By Patrick McSherry

Monocacy, from the U.S. Navy Historical Center


The old sidewheel double-ender, MONOCACY, was a part of Commodore Dewey’s Asiatic squadron. Its age and condition required that it be left behind when the remainder of the squadron steamed for the Philippines and destiny.


The sidewheeler steamer MONOCACY was launched in December, 1864, in the closing months of the United States’ Civil War. She was not completed until late 1865, and not commissioned until 1866.

The vessel was immediately assigned to the Asiatic Squadron, where she was destined to serve out her entire, long career. Soon after her arrival, she had to pass through a strong hurricane in which she lost many of her sails and even her funnel was sent overboard by the wind and sea. Though damaged, she survived. She was present at the opening of the Japanese ports of Osaka and Hiogo on January 1, 1868. Later that same year she surveyed the Inland sea and helped to choose site for lighthouses, increasing the safety of commerce with Japan.

In 1871, as the United States Navy began to enter its lowest ebb, the MONOCACY underwent repairs at Shanghai, and then began charting the Yangtze River, a river she would come to know well. Later, while she was involved in a survey expedition to the Salee River in isolationist Korea, the expedition was attacked by tbe Koreans. The expeditionary forces, including MONOCACY, retaliated. In the ensuing action, three of her crew were killed and ten more wounded.

The remainder of her career was spent traveling to the various ports of the Far East. Charles Clark, who would later command the Battleship OREGON in the Spanish American War, served aboard the vessel in the mid-1870's and found duty aboard herto be an enjoyable duty.

As war clouds began to form between the United States and Spain, Commodore Dewey, who had arrived in the Far East to command the Asiatic Squadron, was ordered to prepare for action. By this time, the ship was "only fit for a museum shelf." The old and slow MONOCACY was to be left to fend for herself, with all crewmen who could be spared, consisting of about fifty men, being transferred to the over vessels in the squadron. Her commanding officer, Commander O.W. Farenholt, was given the task of obtaining a source for coal and supplies for the Asiatic Squadron through a Chinese intermediary. The efforts were kept secret, because this was against the neutrality laws. During the war, she was left to take care of herself in case of Spanish attack, however, the Navy Department ordered her to be kept in the Yangtze River, where she was fairly safe from Spanish incursions.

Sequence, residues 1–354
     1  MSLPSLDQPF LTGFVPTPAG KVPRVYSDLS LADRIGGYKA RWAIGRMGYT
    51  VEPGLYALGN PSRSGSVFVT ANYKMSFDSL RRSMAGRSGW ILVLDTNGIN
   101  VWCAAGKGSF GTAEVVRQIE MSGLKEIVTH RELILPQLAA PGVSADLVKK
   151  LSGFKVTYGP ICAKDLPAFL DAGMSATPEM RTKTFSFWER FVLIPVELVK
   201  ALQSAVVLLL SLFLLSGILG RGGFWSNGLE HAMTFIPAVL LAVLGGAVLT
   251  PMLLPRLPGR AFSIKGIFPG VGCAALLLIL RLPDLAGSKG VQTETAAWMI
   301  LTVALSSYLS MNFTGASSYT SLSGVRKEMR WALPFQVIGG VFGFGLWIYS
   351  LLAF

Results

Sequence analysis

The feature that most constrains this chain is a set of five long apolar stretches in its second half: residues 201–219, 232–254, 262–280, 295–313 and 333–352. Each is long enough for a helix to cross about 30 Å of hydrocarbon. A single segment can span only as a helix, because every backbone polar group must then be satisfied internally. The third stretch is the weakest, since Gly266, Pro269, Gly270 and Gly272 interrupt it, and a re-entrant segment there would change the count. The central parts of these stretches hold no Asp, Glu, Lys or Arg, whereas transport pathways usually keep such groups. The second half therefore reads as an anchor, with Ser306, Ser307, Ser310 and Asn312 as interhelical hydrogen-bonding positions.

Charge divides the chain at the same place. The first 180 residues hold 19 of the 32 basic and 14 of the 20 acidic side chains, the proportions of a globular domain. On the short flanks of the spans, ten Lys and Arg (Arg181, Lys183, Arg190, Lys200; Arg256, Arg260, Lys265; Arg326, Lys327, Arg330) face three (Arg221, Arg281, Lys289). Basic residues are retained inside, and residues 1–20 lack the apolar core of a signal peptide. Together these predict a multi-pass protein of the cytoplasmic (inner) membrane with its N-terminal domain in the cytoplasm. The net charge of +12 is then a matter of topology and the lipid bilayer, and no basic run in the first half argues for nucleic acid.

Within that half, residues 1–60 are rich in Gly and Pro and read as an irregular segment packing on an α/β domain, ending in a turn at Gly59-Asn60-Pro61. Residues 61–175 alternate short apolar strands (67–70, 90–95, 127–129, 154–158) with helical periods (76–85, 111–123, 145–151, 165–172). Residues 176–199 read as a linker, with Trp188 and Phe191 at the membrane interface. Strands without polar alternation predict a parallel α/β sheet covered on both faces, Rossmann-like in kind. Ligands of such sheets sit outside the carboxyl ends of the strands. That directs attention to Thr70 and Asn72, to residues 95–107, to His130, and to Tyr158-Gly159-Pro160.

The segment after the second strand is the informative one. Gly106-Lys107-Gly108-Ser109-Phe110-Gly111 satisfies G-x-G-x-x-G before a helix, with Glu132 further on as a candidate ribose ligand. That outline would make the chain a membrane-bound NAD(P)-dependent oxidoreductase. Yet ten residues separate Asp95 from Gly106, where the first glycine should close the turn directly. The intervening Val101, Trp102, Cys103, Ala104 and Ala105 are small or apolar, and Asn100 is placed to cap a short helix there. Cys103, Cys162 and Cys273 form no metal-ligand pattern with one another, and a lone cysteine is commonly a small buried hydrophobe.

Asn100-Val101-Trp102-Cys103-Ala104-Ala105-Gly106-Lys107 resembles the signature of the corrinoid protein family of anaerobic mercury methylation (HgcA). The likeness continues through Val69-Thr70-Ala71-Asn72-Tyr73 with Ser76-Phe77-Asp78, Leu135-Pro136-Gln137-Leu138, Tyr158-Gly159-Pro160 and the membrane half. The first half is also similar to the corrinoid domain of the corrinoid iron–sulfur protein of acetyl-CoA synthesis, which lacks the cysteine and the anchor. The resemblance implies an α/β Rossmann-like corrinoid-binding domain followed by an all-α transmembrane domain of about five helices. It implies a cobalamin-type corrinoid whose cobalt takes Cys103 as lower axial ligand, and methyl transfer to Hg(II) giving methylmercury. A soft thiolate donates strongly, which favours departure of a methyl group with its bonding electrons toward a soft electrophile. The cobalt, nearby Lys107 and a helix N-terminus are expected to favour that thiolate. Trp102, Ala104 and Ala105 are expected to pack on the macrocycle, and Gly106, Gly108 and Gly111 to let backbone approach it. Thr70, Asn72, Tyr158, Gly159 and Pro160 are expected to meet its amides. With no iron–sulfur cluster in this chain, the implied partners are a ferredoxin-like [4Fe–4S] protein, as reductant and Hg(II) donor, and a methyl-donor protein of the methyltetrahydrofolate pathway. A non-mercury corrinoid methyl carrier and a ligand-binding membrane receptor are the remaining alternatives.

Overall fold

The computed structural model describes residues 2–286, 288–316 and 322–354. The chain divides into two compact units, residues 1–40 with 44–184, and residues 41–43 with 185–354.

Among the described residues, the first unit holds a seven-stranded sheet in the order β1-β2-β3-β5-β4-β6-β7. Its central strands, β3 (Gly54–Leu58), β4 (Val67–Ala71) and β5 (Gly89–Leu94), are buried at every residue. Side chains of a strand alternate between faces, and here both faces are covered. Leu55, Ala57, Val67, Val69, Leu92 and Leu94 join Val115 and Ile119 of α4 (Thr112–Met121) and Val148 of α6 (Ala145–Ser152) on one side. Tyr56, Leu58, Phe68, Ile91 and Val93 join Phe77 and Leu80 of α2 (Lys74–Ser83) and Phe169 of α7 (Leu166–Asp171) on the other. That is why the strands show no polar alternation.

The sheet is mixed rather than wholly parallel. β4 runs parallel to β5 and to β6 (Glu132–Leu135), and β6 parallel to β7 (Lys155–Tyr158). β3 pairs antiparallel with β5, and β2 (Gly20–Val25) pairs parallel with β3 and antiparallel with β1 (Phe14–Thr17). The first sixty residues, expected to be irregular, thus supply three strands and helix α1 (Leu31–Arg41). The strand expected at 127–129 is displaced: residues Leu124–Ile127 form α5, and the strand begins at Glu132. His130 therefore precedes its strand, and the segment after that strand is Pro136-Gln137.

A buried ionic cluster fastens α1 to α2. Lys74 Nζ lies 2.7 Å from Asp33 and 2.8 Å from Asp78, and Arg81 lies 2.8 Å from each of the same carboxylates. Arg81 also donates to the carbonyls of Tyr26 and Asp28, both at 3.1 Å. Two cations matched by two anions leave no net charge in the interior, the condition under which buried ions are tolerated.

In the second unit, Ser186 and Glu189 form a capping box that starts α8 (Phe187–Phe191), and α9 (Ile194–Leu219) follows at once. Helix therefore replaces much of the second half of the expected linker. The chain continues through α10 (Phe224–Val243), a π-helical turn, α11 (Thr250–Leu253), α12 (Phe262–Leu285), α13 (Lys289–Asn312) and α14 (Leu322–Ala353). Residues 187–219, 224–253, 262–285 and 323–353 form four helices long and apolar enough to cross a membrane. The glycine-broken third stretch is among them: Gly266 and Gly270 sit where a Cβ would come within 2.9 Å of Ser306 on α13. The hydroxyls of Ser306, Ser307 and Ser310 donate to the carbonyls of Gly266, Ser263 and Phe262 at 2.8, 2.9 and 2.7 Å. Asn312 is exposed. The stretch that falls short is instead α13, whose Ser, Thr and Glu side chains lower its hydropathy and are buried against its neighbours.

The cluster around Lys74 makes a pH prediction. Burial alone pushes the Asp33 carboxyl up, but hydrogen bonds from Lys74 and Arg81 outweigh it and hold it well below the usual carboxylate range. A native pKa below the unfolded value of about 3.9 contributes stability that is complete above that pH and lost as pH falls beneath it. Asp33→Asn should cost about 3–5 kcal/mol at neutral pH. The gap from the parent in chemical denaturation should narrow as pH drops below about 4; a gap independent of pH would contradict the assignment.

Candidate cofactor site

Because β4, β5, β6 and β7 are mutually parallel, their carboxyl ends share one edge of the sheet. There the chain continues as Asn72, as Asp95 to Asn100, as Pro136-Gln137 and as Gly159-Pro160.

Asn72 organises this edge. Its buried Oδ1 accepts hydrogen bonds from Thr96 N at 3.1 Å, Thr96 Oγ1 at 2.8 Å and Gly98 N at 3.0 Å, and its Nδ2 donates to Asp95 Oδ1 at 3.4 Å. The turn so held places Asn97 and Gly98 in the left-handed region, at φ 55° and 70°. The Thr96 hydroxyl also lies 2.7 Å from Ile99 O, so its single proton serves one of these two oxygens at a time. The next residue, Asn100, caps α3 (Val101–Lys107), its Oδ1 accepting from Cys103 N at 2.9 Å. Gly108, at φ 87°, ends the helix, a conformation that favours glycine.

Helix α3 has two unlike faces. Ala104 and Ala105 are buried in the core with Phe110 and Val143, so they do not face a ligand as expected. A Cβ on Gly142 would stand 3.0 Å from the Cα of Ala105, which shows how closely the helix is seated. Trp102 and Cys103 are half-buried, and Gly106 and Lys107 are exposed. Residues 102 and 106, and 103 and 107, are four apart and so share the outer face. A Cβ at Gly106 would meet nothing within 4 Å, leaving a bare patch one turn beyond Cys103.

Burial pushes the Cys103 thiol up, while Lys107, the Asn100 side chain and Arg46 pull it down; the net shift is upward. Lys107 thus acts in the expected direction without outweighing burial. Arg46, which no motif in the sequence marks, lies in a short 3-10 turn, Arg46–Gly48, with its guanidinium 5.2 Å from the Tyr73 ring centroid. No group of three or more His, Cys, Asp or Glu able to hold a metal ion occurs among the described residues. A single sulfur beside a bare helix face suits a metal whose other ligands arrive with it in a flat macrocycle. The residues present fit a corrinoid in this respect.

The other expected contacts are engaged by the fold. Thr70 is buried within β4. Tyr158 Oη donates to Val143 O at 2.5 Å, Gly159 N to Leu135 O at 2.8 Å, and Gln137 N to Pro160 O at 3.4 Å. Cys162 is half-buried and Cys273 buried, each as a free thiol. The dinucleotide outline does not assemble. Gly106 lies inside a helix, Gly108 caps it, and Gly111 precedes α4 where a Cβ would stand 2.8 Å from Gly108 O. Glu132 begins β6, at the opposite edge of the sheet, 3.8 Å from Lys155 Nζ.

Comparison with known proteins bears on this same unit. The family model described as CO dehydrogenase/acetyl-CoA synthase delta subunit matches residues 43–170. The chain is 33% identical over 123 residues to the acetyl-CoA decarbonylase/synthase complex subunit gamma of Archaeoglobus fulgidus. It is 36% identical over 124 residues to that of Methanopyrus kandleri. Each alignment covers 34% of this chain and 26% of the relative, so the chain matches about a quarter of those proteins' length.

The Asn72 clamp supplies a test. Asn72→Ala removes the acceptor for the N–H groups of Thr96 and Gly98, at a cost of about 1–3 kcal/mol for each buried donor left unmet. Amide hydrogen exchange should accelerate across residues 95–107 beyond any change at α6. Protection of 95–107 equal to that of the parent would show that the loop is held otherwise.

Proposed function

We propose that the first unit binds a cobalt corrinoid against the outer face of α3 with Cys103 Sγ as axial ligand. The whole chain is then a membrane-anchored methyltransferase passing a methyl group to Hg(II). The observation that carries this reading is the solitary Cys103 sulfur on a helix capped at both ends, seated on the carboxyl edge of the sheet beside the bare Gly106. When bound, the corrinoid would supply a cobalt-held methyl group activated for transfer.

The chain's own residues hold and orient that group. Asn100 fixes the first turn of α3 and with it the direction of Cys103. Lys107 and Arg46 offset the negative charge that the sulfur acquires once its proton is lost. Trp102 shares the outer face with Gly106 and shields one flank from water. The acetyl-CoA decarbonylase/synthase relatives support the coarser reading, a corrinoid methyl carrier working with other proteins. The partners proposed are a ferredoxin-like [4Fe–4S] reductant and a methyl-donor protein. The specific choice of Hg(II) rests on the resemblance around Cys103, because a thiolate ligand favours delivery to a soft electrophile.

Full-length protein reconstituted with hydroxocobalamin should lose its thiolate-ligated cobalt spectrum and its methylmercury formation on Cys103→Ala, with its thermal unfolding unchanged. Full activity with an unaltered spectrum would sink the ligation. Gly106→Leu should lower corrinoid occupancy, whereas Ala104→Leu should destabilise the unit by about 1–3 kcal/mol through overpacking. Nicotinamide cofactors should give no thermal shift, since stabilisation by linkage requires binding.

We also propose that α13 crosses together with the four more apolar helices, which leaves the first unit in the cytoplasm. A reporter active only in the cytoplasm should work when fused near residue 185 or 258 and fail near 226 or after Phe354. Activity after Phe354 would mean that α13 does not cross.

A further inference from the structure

In late 1899, MONOCACY carried the U.S. minister to China to ports along the Yangtze River. The following year the Boxer Rebellion occurred. Though present, MONOCACY would not take part in the naval action against the forts at Taku because of orders from rear Admiral Kempff not to begin a fight with the Chinese. She was however, hit in the battle when a Chinese shell damaged one of her cutters. As war had broken out, Kempff's orders no longer applied and MONOCACY was able to act in concert with the other allied vessels. She remained at Taku until Boxer Rebellion had been concluded in September, 1901.

On June 22, 1903, MONOCACY was struck from the U.S. Navy rolls. She had served for an incredible thirty-seven years in the Far East. Her long career in Far Eastern waters had earned her the nickname of "jinricksha of the Navy."

The vessel was sold to Hashimoto and Son, of Nagasaki, Japan.

Original Hatband from the MONOCACY


The MONOCACY was completely outdated by the time of the Spanish American War. She was slow, with antiquated engines, no armor, and only light armament. Being originally built for service on the rivers of the United States, her shallow draft allowed her to navigate the rivers of China.


Classification: Sidewheel Gunboat
Launched: December 14, 1864
Commissioned: 1866
Rig: Two masted schooner
Armament: Four 8 inch smoothbore (Dahlgren) guns
Two 60 pounder breechloading rifles 
One 3 inch breechloading gun
 Two 47 mm. Hotchkiss revolving cannons
Four 37mm Hotchkiss revolving cannons
Two Gatling Guns
One 12 pounder howitzer (for landing parties).
Contractor: A, & W. Denmead & Son, Baltimore, MD.
Length: 265 feet
Beam: 35 feet
Draft: 9 feet
Displacement 1,370 tons
Compliment: 12 Officers and 146 Enlisted Men under
 the command of Commander O.W. Farenholt.
Engine Type:   Single inclined direct acting engine, 850 hp.
Speed: 11.2 knots
Coal bunker capacity: 1224 tons
Armor: Unarmored
Cost: $275,000


(As a service to our readers, clicking on title in red will take you to that book on

Bodin, Lynn E., The Boxer Rebellion.  (London: Osprey Publishing Ltd., 1979).

Clark, Charles E., My Fifty Years in the Navy . (Annapolis: Naval Institute Press, 1984).

Clerk of the Joint Committee on Printing, The Abridgement of the Message from
the President of the United States to the Two Houses of Congress. Vols. 2 & 4 (Washington DC: Government Printing Office, 1899).

Dewey, George, Autobiography of George Dewey (Annapolis: Naval Institute Press, 1987, originally published in 1913 by Charles Scribner's Sons, New York) ISBN 0-87021-028-9.

Hoyt, Edwin P., The Lonely Ships: The Life and Death of the U.S. Asiatic Squadron. (New York: David McKay Company, Inc., 1976).

Marsh, Capt. C C., Official Records of the Union and Confederate Navies in the War
of the Rebellion. Series II, Vol. 1, (Washington: Government Printing Office, 1921).

Naval History Department, Department of the Navy, Dictionary of American Naval Fighting Ships. Vols. 4 (Washington DC: Government Printing Office, 1969).

Silverstone, Paul H., Warships of the Civil War Navies. (Annapolis: Naval Institute Press, 1989).

Young, L. S., The Cruise of the U.S. Flagship "OLYMPIA" From 1895 to 1899.

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